While a peak in suicides is reported around exam time, the bigger picture reveals a need to effectively manage student wellbeing the entire academic year.

With the summer exam season in full swing, students at universities across the country are under pressure to knuckle down and deliver. At a time when mental health and wellbeing has never been higher on the agenda, many students still experience huge stress around exams. Managing to schedule revision in with the demands of day-to-day life can lead to students feeling overwhelmed and at risk of spiraling into poor mental health. Additional challenges such as being far from home or juggling studies with part-time work may compound stress. 

Whilst students need effective support in helping them deal with stress during the summer exam period, evidence shows they benefit greatly from ongoing support. Holistic support, ideally delivered from day one, makes it less likely that students will experience a crisis during times of high stress. Advice and support to students is vital not only to help them achieve their best academically, but to alleviate stress in the short term, to deliver a good university experience, and to safeguard against longer term wellbeing or mental health issues.

Wellbeing during the assessment period

Current best practice advice for students starts with prioritising their own wellbeing. Students are advised to schedule in plenty of free time to unwind and relax, breaking up revision with regular breaks. Sleeping well before exams is also crucial. Studies show it helps improve attention, creativity, and problem-solving.

Sticking to revision during the day and scheduling relaxing activities in the evening can help students to fall asleep more easily. Alcohol and caffeine are known to reduce sleep quality – so it is a good idea for students to cut back on those and give themselves a better chance of achieving quality rest. Planning revision in advance is key: having a realistic schedule and sticking to it can help avoid last minute panic which can help students feel more in control. Exams are important but even if you don’t get the mark you expect, it’s not the end of the world. While some stress can actually be beneficial during exams, being able to distinguish between ‘normal’ and ‘unhealthy’ levels of stress is vital to alerting students when they need support. 

Supporting all students

But what happens if students are not able to identify they need support, or are reluctant to take that first step of reaching out to get advice? This is a challenge for university Wellbeing departments, who are tasked with providing wellbeing support to all students regardless of whether they actively seek formal support through university services.

In addition, early intervention and the promotion of healthy behaviours from students are key aspects of the Step Change framework by Universities UK. The framework is echoed by the University Mental Health Charter introduced to recognise and reward those institutions that demonstrate good practice and make student mental health a university-wide priority with improved student mental health and wellbeing outcomes.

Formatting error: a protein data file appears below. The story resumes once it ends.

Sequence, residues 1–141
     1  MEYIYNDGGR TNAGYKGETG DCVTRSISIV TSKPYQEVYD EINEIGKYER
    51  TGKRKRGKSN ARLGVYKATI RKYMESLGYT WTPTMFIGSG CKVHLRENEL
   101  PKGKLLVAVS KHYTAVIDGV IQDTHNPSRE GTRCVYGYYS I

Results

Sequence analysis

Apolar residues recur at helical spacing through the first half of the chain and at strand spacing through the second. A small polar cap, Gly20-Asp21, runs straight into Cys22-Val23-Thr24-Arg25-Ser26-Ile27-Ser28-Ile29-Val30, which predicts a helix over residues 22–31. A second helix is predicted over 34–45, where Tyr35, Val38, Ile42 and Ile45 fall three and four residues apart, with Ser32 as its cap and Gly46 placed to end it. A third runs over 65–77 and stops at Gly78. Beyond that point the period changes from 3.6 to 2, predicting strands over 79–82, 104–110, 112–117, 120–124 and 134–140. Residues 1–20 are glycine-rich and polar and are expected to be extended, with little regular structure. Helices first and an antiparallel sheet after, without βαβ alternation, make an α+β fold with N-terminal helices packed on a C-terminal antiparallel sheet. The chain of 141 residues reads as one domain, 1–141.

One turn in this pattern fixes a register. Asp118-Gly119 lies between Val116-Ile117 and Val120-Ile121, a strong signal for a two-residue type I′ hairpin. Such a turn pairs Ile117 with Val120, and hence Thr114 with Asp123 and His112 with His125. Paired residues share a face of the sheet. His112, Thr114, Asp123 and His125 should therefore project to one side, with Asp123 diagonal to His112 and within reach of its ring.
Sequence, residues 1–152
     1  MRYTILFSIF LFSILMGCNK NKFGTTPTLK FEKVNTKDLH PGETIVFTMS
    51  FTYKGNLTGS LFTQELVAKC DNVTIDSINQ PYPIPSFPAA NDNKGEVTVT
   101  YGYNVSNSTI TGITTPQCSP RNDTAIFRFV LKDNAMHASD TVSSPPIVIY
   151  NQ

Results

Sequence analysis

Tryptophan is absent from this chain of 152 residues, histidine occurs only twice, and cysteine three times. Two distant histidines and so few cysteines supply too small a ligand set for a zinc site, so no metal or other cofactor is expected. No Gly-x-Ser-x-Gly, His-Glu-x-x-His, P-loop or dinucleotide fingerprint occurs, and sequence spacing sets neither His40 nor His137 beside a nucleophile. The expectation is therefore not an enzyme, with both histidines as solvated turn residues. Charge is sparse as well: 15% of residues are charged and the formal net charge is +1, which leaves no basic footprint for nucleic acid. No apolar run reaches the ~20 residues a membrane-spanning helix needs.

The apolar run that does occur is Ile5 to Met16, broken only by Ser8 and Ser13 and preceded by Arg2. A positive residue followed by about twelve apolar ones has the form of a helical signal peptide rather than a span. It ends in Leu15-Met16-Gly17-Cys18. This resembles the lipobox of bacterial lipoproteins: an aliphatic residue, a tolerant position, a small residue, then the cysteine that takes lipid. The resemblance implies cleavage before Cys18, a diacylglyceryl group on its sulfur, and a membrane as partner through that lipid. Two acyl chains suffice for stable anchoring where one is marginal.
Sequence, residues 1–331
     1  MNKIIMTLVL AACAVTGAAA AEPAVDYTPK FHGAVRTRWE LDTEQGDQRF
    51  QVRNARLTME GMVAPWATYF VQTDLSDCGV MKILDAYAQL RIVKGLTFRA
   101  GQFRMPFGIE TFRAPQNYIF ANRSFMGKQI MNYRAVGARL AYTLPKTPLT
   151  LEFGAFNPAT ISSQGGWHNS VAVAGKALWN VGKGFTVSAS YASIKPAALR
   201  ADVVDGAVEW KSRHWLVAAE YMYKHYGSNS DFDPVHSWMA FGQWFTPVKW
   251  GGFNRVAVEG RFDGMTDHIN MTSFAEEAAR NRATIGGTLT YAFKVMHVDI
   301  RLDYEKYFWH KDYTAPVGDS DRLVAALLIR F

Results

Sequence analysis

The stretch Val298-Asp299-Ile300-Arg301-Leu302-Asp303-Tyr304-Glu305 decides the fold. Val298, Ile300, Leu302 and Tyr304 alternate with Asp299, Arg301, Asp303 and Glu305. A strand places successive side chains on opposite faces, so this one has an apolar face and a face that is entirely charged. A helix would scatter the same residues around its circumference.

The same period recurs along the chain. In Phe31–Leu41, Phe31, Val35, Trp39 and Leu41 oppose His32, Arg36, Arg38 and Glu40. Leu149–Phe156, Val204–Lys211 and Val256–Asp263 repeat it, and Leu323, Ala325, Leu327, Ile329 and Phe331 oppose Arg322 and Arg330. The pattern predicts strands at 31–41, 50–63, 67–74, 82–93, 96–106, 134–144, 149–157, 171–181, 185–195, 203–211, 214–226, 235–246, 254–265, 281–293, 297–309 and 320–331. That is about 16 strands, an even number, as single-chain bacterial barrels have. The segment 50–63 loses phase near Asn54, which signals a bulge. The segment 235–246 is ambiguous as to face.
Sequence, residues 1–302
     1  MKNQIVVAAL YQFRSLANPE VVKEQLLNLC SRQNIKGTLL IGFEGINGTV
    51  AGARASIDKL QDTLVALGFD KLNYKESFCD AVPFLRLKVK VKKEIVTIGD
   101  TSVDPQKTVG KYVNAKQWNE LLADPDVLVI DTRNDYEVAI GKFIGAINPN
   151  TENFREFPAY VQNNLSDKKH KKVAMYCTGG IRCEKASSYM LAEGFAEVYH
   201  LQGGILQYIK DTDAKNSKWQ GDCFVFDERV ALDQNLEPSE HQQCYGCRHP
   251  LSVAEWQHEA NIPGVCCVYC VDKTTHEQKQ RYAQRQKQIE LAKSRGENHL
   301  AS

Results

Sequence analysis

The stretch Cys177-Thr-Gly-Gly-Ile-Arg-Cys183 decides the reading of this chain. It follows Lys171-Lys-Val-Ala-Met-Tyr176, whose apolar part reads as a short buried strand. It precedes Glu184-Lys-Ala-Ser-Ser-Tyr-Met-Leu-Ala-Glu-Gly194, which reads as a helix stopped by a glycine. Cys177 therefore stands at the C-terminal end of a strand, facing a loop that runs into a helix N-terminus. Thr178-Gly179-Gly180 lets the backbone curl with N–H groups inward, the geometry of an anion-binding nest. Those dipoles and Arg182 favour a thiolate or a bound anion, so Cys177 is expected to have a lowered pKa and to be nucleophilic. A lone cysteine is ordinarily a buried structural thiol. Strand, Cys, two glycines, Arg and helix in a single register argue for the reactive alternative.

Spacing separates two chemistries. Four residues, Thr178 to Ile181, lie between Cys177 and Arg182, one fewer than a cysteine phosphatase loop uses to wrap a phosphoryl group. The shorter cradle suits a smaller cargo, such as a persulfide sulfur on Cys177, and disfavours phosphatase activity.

A potential solution has been initiated in University College Birmingham (UCB).

Utilising new technologies

Faced with the challenges of nurturing student wellbeing, UCB’s Health and Wellbeing Service wanted to ensure they reached out to every student: even those who were hesitant to engage in formal support.

To address this gap they sourced a preventative and early intervention tool, aiming to help first year students develop their resilience and understanding of mental health. The digital wellbeing tool of choice was Unihealth, designed to promote mental wellbeing and give students the knowledge - and confidence - to take positive action regarding their own health and seek further support if needed, enabling early intervention. Students opting into the service receive proactive motivational support via Facebook Messenger. Topics include transition into university life, making friends, home sickness, depression and anxiety, crisis support, life skills, alcohol and drugs, nutrition, sexual health, sleep advice, exam stress, student finance, and vaccinations.

“When I really needed help, a message happened to come through and it was so relevant", says a student about the digital wellbeing tool. "It was as though you knew what I was going through”. Another student who used the technology required further support, saying that the technology "helped me with homesickness in the first few weeks and directed me to the Samaritans”. 

Ross Loveitt, UCB Guild of Students President was also extremely positive. When surveyed 78% of students said Unihealth helped them stay on their course, 77% felt more confident about living independently, 88% coped better academically, 88% settled more easily at university, and 81% felt more supported at university.

Supporting students through the crunch time of exams is crucial, but it can’t be forgotten that student wellbeing is something that needs to be safeguarded not just through examinations, but from the very beginning.


For further information on Unihealth, visit https://unihealth.uk.com/

Clare Bradshaw is the Executive Manager at Unihealth, the health and wellbeing digital messaging programme for UK university students.